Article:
Public investment must be paired with regulation to stop climate change
By Jonas Meckling, Jesse Strecker
Climate policy has entered a new era as public investment increasingly moves to center stage. While essential for decarbonization, public investment is not enough—the carrots of investment need to go hand in hand with regulatory sticks. Public investment in clean technologies and infrastructure does not guarantee decarbonization outcomes. Yet, comprehensive climate policy, particularly high and comprehensive carbon prices, has remained elusive in the United States. Against this backdrop, the public investment push offers a political opportunity of government leverage. Governments can tie climate requirements to public investment as part of a “green bargain.” At the core of these arrangements is reciprocity—linking carrots to sticks—to ensure public investment leads to technological change and emission reductions. Drawing on the experience of late industrializers with “reciprocal control mechanisms,” this report advances our understanding of how to tie climate requirements to public investment. It introduces a typology of different types of green bargains, offers an empirical overview of green bargains, and recommends design choices—relating to government leverage, scope of climate requirements, and accountability—to make green bargains effective policy tools.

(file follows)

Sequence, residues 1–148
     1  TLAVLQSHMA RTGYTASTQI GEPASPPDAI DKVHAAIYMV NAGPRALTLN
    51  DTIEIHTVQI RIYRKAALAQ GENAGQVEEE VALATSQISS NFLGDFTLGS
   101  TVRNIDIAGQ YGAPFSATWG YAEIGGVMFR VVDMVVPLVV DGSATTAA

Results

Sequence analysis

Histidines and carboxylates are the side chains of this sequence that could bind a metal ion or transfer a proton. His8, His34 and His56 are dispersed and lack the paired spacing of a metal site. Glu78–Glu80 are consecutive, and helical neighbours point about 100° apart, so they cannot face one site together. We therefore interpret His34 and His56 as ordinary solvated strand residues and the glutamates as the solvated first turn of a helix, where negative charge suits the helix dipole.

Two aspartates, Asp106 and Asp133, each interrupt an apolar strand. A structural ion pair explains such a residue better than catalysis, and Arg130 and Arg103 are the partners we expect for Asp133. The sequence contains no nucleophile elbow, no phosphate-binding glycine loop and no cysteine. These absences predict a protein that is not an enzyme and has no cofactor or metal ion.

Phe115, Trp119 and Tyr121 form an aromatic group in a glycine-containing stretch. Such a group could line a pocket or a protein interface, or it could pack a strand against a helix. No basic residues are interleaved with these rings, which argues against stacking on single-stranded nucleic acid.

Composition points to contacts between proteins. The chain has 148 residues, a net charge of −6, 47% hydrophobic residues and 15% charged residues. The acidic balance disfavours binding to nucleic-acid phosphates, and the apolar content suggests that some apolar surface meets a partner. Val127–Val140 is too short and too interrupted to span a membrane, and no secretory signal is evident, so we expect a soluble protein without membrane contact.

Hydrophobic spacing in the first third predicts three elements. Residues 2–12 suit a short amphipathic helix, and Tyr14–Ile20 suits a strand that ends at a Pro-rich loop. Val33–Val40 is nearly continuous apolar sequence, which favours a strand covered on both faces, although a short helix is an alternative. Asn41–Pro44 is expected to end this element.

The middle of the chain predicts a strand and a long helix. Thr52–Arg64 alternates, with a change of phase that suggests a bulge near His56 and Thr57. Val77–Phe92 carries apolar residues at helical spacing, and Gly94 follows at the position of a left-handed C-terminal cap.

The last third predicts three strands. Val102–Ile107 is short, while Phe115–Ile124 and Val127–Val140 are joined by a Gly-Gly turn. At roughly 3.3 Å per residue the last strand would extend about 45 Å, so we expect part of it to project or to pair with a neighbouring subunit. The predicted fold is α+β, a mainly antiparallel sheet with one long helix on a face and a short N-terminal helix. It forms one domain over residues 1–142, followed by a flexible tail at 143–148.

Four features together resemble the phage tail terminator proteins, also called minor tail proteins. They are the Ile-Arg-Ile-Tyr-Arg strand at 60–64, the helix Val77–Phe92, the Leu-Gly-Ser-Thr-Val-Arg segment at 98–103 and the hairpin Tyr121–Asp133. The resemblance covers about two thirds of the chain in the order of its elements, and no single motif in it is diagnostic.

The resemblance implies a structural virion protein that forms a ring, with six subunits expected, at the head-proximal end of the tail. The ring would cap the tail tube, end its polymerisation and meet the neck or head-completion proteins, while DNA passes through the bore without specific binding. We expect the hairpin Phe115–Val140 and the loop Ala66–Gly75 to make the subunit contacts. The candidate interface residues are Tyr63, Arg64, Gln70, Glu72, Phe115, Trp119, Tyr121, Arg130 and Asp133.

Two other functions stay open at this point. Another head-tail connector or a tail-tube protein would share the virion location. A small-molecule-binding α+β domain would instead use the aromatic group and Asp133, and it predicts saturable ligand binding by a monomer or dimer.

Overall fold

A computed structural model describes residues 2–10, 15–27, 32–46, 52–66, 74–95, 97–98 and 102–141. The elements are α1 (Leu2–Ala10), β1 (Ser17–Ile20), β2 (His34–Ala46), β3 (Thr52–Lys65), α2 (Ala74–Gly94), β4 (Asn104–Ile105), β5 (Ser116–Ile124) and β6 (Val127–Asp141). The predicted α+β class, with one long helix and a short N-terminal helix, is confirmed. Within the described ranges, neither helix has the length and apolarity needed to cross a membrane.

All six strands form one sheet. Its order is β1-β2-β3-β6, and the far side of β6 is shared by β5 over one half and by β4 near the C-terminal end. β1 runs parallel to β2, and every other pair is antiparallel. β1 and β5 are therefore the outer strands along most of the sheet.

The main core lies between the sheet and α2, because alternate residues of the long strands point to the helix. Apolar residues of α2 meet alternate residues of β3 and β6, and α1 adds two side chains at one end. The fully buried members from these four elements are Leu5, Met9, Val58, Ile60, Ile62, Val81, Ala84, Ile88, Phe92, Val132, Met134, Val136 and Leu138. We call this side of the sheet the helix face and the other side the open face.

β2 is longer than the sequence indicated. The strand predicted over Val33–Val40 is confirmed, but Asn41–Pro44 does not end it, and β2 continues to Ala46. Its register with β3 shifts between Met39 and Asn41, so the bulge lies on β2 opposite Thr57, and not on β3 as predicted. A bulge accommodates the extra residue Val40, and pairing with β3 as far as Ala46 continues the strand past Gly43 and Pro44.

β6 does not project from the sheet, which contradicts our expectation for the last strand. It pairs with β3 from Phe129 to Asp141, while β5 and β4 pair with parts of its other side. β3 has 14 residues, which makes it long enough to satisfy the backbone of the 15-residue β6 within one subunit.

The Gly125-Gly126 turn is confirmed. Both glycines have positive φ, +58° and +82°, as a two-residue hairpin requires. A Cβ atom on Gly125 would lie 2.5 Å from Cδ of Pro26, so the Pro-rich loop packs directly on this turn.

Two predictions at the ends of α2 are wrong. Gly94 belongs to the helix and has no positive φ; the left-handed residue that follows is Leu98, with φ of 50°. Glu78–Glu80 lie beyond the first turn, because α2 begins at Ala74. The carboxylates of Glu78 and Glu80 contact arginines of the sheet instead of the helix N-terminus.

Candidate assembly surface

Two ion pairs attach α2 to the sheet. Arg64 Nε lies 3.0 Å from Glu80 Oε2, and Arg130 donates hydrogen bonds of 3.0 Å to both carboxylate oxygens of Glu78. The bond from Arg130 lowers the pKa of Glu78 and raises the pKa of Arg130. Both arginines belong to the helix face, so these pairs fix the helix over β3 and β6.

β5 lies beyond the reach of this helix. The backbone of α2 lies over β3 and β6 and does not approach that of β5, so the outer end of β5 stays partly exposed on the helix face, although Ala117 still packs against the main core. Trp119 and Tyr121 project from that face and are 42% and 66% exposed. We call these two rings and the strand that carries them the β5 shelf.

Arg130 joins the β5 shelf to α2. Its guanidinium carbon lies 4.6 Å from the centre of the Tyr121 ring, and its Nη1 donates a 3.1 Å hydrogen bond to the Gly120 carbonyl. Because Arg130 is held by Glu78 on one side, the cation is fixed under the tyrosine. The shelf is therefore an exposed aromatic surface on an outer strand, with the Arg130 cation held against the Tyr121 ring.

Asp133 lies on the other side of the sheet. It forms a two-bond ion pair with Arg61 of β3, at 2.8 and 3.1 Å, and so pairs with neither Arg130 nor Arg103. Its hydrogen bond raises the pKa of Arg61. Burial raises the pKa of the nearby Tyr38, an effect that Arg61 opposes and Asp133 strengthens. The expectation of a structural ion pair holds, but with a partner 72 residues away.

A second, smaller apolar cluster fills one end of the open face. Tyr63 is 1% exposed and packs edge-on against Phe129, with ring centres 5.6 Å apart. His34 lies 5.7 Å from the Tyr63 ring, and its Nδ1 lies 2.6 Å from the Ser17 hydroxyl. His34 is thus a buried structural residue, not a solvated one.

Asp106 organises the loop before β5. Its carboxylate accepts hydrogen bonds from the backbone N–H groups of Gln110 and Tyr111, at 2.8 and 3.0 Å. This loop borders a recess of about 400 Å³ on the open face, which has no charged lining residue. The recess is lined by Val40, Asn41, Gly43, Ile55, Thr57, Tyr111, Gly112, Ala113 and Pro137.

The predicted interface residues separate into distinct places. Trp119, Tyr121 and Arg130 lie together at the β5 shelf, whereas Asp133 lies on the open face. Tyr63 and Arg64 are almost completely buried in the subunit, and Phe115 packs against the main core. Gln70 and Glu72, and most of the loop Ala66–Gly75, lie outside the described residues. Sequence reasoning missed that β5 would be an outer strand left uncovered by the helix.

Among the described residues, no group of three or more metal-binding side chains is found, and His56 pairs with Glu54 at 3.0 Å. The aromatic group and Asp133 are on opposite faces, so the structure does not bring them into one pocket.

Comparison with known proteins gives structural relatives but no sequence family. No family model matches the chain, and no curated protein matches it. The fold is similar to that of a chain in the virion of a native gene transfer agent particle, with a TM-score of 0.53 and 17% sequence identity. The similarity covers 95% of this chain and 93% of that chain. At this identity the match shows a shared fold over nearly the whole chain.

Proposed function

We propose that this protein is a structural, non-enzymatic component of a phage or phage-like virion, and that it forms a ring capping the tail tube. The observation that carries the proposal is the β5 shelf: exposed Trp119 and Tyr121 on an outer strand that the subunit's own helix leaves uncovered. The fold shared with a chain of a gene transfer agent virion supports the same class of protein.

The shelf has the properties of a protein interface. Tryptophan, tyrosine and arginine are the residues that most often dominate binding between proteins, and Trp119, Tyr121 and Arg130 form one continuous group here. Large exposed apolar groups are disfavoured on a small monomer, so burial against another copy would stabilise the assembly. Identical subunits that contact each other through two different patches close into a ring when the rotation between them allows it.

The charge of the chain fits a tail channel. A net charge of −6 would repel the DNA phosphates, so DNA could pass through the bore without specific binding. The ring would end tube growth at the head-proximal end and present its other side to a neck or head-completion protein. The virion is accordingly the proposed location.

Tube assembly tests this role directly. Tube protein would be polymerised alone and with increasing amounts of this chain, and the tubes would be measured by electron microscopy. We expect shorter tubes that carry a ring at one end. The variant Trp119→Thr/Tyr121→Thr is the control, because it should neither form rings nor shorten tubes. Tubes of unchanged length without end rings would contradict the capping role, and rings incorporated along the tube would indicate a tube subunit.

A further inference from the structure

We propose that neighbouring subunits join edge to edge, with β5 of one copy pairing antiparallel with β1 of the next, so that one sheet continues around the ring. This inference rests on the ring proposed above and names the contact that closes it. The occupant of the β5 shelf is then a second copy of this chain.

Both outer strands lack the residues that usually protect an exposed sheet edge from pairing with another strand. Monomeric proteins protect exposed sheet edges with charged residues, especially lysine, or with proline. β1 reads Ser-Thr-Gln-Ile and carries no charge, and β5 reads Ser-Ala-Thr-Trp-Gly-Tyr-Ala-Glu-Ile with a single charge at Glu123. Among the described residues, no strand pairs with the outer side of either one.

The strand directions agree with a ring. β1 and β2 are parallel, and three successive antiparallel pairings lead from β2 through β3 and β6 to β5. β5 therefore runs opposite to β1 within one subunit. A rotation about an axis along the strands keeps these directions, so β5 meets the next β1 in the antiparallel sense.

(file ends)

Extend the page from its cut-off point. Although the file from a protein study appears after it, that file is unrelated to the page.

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The authors received support from The Hewlett Foundation for this work. Other than the aforementioned, the authors did not receive financial support from any firm or person for this article or from any firm or person with a financial or political interest in this article. The authors are not currently an officer, director, or board member of any organization with a financial or political interest in this article.